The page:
Sweden is investing hugely in artificial intelligence. At Umeå University, research in AI is partly specialised in ethics and social affairs. In the forefront is Virginia Dignum, an internationally renowned researcher and one of the experts who is drawing up the guidelines and recommendations for the European AI strategy.
Voice command in mobile phones, search engines on the internet, support systems for health care personnel and vehicles using driverless technology are some examples of applications where AI has already made progress. The development of a society where artificial intelligence (AI) permeates work, education and people's lives has only taken its first small steps. One of the greater initiatives to stimulate basic research, education and faculty recruitment in the field is Wallenberg AI, Autonomous Systems and Software Program — shortened WASP — which is also the by far greatest Swedish research programme of all times.
"There is huge potential in combining research on AI and research on autonomous systems. Both fields will affect future society," says Virginia Dignum, professor at Umeå University.
A conversation with Virginia Dignum about AI
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She is one of the first recruits to Umeå within the research programme, in which she in turn leads the research group Social and Ethical Artificial Intelligence.
"My position at Umeå University makes it possible for me to look at societal, ethical and cultural consequences of AI. I will for instance be studying methods and tools to ensure that AI systems are formed not to violate human values and ethical principles," she says.
This could, for instance, be designing methods that take these aspects into consideration in a design and development process, but also developing AI based methods that make sure the system acts in an expected manner based on societal legal frameworks and norms.
SEK 3.5 billion
is the total budget for Wallenberg AI, Autonomous Systems and Software Program.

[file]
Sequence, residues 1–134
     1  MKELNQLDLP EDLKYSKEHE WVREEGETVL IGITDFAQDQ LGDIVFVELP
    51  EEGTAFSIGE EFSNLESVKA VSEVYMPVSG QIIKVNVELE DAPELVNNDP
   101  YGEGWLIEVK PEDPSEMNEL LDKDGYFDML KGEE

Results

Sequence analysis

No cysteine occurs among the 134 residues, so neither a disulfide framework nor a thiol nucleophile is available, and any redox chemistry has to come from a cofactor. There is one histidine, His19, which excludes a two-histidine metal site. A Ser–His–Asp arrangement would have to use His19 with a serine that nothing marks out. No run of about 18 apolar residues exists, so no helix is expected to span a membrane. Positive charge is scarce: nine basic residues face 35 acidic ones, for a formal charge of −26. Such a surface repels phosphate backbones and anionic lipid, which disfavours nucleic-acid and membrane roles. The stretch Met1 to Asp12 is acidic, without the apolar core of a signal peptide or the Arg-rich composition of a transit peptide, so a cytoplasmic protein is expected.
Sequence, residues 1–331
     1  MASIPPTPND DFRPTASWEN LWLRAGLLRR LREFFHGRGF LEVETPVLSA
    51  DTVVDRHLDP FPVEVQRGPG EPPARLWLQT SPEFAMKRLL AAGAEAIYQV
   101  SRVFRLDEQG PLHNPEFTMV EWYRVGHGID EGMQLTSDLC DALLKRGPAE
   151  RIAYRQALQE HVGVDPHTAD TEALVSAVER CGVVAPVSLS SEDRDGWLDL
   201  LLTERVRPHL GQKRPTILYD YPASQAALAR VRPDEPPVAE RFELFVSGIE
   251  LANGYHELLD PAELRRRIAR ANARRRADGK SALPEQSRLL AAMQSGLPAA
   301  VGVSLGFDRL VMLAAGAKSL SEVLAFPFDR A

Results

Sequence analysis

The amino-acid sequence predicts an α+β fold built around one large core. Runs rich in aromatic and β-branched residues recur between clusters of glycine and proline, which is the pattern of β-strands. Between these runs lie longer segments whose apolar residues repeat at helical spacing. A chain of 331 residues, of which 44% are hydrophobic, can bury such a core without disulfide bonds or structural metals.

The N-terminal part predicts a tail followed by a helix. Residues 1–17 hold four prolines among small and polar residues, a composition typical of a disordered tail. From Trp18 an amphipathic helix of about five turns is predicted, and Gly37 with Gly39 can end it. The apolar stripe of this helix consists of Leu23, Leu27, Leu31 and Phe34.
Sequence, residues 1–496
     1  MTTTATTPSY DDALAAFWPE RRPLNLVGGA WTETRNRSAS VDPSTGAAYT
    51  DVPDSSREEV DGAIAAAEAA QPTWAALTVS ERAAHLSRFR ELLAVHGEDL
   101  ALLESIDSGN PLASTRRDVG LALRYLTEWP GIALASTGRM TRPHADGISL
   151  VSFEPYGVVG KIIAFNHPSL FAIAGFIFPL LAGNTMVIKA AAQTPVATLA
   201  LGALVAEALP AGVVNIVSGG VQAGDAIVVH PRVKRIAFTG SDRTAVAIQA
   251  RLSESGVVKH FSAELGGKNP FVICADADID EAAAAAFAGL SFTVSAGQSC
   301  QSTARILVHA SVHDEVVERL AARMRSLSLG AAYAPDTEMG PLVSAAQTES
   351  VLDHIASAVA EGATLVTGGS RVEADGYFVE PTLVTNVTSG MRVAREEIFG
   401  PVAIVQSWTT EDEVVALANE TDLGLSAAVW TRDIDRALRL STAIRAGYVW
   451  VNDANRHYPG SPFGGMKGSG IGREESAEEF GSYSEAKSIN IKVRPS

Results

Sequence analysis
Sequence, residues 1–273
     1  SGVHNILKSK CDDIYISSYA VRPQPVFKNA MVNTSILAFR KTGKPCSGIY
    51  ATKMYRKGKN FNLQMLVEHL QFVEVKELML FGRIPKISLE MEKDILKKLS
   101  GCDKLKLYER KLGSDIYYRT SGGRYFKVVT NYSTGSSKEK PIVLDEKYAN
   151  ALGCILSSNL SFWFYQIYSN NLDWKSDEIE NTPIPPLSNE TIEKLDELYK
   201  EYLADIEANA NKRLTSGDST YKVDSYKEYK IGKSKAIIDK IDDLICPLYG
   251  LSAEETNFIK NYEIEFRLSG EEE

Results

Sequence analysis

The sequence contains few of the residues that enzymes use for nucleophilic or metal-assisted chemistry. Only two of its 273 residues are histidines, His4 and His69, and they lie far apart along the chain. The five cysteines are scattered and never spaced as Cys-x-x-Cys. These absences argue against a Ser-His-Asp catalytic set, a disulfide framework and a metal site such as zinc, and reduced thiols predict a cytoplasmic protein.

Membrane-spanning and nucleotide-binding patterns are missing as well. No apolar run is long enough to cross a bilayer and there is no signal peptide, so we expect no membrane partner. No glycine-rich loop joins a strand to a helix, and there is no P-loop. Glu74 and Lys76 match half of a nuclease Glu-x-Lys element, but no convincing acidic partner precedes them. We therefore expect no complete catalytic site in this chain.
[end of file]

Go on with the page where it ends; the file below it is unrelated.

"It is of critical importance to study more multidisciplinary, where humanities and social sciences are combined with science and technology. AI can no longer be seen as a purely technical or computer science discipline. It is per definition interdisciplinary," explains Virginia Dignum.
Virgnia Dignum is prominent in the international research community within artificial intelligence, and she has an active role in several international initiatives revolving policy and strategic guidelines for AI research and applications.
She has also been appointed by the EU Commission as one of 52 experts from academia, civil society and industry to present guidelines and recommendations in European AI strategy.
"It's a large-scale task. We are all experts, but in different areas. It's a big challenge to come up with a coherent and concrete setup of recommendations that can be accepted by the member states and the Commission itself," says Virginia Dignum.
The recommendations from the high-level expert group will be included in the European Commission's next five-year plan and in the EU's forthcoming Multiannual Financial Framework 2021—2027.
Deepening insight into AI
Computer scientist Helena Lindgren coordinates the Umeå University's strategic work with the major investments made within the AI research area in Sweden. Research in Umeå is specialised in intelligent systems that should cooperate with and be of use for people in various contexts, which includes both ethical and technical aspects affecting people in their everyday and society in general.
"This is why we need to be driven in the research that develops, educates and enhances the capabilities of AI in society, both in terms of system development, to implement AI wisely and regarding the regulatory framework that manages how AI may be used," she says.